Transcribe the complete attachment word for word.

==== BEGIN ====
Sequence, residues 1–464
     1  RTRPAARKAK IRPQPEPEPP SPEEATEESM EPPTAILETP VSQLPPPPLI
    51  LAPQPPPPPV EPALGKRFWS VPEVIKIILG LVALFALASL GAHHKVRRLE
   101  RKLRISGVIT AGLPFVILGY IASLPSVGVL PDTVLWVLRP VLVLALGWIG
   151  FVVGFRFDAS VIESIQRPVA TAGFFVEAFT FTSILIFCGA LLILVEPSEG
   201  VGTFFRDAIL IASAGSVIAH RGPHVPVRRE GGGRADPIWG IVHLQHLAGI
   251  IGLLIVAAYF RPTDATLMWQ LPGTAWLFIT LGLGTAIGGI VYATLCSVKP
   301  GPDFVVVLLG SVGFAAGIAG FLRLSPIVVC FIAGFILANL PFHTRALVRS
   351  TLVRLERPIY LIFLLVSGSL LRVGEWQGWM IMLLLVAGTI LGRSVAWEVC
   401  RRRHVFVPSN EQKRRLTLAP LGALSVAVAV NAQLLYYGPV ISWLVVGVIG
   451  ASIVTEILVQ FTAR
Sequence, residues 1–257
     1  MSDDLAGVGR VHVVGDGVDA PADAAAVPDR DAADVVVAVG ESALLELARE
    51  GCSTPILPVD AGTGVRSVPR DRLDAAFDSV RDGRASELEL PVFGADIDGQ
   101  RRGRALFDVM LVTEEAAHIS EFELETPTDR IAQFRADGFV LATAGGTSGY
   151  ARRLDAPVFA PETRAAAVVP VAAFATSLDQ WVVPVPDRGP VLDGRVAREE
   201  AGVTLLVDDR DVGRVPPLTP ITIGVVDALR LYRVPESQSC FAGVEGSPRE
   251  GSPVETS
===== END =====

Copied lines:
Sequence, residues 1–464
     1  RTRPAARKAK IRPQPEPEPP SPEEATEESM EPPTAILETP VSQLPPPPLI
    51  LAPQPPPPPV EPALGKRFWS VPEVIKIILG LVALFALASL GAHHKVRRLE
   101  RKLRISGVIT AGLPFVILGY IASLPSVGVL PDTVLWVLRP VLVLALGWIG
   151  FVVGFRFDAS VIESIQRPVA TAGFFVEAFT FTSILIFCGA LLILVEPSEG
   201  VGTFFRDAIL IASAGSVIAH RGPHVPVRRE GGGRADPIWG IVHLQHLAGI
   251  IGLLIVAAYF RPTDATLMWQ LPGTAWLFIT LGLGTAIGGI VYATLCSVKP
   301  GPDFVVVLLG SVGFAAGIAG FLRLSPIVVC FIAGFILANL PFHTRALVRS
   351  TLVRLERPIY LIFLLVSGSL LRVGEWQGWM IMLLLVAGTI LGRSVAWEVC
   401  RRRHVFVPSN EQKRRLTLAP LGALSVAVAV NAQLLYYGPV ISWLVVGVIG
   451  ASIVTEILVQ FTAR
Sequence, residues 1–257
     1  MSDDLAGVGR VHVVGDGVDA PADAAAVPDR DAADVVVAVG ESALLELARE
    51  GCSTPILPVD AGTGVRSVPR DRLDAAFDSV RDGRASELEL PVFGADIDGQ
   101  RRGRALFDVM LVTEEAAHIS EFELETPTDR IAQFRADGFV LATAGGTSGY
   151  ARRLDAPVFA PETRAAAVVP VAAFATSLDQ WVVPVPDRGP VLDGRVAREE
   201  AGVTLLVDDR DVGRVPPLTP ITIGVVDALR LYRVPESQSC FAGVEGSPRE
   251  GSPVETS